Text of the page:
“We have so little going for us here; we really do,” she says. “One-third of our state is not in compliance with the state law that requires a shelter of some kind. Most of the state is rural and doesn’t have local animal control ordinances. There’s a tremendous segment of the population that’s living at or below the national poverty level. We’re fighting to keep what little we have. If we don’t fight to keep this, we’re really going to sustain a terrible loss.”
With their shared goal of helping animals, veterinarians and humane organizations would appear to be unlikely adversaries. And yet conflict over spay/neuter programs and other nonprofit veterinary services has a legacy of legal, legislative and PR battles that stretches back for more than half a century.
In the July 1971 issue of HSUS News , Phyllis Wright, then working for The HSUS, defended a spay/neuter clinic in Northern Virginia, stating that the clinic was only opened after the nonprofit was unable to enlist enough local veterinarians to participate in a low-cost spay/neuter program. “We are in competition with the euthanasia room, not the veterinarians,” Wright said.
It’s an argument that animal welfare organizations continue to make today.
In many communities, nonprofit clinics and for-profit practices are allies that commonly refer clients to each other. But in others, spay/neuter clinics are still a source of contention. And in some places where nonprofit spay/neuter programs have been largely accepted by the private veterinary community, new rifts are forming over programs that provide other basic care services for animals who otherwise won’t receive them.
“Tensions are definitely escalating,” says Inga Fricke, director of shelter and rescue group services at The HSUS. “There’s been a more concerted effort, particularly by state veterinary associations and other groups, to try to limit the scope of work of these organizations, or close them altogether.”
Georgia veterinarian Will Mangham, a consultant for The HSUS Pets for Life program, says that the current conflict is a reflection of the unprecedented financial pressures his profession is facing. The typical veterinary school graduate carries $150,000 in student loan debt. Equipment and drug costs have soared. Corporate-owned practices are springing up in pet supply stores. Pet medications are now sold online and at discount pharmacies. And while the number of pets in the U.S. has grown, visits to veterinarians have declined.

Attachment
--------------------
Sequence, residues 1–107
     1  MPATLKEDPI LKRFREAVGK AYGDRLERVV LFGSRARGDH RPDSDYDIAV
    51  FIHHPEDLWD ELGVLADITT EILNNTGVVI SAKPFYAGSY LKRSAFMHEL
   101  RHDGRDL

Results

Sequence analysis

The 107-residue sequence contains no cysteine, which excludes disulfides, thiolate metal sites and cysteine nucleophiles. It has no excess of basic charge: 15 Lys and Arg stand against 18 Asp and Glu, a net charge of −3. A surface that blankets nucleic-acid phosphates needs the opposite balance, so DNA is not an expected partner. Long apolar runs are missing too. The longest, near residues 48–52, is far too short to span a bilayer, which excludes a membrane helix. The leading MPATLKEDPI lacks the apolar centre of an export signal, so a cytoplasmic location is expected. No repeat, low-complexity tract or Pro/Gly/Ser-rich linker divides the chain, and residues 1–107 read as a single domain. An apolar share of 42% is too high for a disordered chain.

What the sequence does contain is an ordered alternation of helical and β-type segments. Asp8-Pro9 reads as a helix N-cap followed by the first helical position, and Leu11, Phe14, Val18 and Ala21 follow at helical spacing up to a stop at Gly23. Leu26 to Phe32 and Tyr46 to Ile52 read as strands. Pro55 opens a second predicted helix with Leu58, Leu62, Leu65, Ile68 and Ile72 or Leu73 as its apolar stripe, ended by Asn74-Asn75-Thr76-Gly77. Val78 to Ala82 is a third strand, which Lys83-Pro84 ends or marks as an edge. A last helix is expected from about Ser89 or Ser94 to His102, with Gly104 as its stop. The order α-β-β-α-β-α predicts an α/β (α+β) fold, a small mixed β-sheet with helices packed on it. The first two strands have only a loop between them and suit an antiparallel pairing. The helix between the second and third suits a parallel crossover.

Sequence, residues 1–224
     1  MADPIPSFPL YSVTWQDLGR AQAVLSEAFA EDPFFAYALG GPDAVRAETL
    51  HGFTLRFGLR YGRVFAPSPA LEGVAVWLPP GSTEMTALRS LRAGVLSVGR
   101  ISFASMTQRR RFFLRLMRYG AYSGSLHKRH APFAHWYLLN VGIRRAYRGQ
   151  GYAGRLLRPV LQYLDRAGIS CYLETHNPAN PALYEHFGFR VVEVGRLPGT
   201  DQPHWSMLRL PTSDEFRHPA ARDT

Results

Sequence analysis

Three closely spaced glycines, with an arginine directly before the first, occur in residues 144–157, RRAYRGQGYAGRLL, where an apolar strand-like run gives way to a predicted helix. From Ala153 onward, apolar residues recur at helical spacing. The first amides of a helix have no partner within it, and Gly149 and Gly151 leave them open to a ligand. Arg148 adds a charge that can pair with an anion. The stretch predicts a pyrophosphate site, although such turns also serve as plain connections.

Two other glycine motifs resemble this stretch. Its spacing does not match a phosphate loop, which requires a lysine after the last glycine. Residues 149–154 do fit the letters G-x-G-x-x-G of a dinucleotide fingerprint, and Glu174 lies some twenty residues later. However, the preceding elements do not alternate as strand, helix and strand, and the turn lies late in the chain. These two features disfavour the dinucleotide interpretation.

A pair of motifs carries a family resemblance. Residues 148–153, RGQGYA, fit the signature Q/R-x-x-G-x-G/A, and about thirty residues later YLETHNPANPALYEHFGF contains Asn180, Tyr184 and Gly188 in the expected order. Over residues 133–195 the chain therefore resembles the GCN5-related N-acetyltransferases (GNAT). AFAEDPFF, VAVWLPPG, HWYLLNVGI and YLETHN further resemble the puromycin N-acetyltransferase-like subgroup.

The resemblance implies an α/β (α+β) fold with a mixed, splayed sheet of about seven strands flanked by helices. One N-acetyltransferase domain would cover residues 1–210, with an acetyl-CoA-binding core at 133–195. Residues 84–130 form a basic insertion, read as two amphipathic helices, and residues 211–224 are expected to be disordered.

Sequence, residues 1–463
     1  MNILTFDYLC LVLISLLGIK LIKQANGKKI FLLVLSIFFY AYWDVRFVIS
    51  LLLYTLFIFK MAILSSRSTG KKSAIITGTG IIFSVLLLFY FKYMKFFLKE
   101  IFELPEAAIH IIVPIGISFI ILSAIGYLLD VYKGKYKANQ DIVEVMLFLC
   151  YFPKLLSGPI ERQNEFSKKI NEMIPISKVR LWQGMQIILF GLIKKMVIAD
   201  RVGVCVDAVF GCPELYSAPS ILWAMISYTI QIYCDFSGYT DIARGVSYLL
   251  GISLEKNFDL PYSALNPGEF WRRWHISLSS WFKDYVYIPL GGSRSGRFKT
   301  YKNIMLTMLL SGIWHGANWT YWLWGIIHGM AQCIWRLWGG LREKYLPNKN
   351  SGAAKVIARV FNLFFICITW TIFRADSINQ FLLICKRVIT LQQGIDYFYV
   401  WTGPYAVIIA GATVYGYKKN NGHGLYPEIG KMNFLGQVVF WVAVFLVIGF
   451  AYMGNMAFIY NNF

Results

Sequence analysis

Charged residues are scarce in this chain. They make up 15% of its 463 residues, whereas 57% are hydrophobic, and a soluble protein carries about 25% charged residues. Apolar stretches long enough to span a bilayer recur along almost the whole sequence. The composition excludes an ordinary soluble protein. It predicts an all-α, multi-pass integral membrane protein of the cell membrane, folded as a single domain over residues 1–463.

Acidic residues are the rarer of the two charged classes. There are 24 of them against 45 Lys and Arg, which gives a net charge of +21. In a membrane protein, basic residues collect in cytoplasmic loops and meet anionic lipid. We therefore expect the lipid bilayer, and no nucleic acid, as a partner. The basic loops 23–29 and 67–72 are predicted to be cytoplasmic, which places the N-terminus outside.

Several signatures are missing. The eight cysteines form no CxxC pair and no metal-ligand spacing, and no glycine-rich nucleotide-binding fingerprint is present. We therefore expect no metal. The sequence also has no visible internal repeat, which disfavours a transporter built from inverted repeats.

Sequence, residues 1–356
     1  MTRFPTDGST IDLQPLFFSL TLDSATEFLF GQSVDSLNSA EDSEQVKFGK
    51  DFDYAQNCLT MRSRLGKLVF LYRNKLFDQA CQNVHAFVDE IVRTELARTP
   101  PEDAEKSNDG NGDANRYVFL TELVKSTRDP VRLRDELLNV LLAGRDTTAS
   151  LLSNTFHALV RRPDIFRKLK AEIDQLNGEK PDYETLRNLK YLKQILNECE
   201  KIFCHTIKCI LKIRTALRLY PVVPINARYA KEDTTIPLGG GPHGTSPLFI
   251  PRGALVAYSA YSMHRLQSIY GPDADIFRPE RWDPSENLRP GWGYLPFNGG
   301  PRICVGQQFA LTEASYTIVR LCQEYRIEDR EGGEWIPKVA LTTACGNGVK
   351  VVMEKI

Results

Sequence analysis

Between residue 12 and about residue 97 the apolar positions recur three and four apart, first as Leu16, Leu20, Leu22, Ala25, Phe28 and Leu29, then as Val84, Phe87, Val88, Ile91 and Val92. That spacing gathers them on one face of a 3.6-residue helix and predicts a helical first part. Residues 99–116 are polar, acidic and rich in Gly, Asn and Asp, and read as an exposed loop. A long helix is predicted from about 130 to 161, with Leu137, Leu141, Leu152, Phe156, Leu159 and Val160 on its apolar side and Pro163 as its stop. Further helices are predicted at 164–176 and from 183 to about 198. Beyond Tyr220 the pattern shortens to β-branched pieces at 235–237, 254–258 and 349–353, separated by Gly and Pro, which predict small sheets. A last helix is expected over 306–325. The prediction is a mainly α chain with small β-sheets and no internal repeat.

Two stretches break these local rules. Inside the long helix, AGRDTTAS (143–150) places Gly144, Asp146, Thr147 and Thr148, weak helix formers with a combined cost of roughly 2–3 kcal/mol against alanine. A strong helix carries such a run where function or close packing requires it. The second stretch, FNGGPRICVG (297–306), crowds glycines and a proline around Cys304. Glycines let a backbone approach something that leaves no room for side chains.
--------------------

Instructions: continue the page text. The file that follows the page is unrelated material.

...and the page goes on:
For veterinarians who are feeling the pinch and looking for someone to blame, nonprofits are easy targets, Mangham says. “Because they feel someone is doing this to them, stealing their revenue, and surely it must be the nonprofits. But it’s not true.”
The 2011 Bayer Veterinary Care Usage Study identified key reasons for declining profits at veterinary practices. They included a weak economy, markets with too many practices in competition, people consulting the Internet for veterinary advice, a perception that routine wellness visits aren’t necessary, the challenges of transporting cats and sticker shock over the cost of vet care.
What the Bayer study didn’t cite as a major factor was competition from nonprofits. And, points out Fricke, “That’s an industry study, not one conducted by advocacy groups. And it really demonstrates that vets have much bigger impediments to success in their practices than just the blip of a nonprofit.”
Most veterinarians recognize that, Fricke says. Most also recognize the need for low-cost care to reduce animal overpopulation and suffering. Like people who work in shelters, most veterinarians got into their field to care for animals, and many have dedicated their careers to working for nonprofit programs, even when their work put them in conflict with colleagues, veterinary associations or licensing boards.
It’s a minority of veterinarians who have a problem with nonprofit services, says Fricke. But they tend to be an extremely vocal group. They claim that subsidized vet care is unfair business competition because nonprofits are exempt from income tax and are able to solicit donations and recruit volunteers.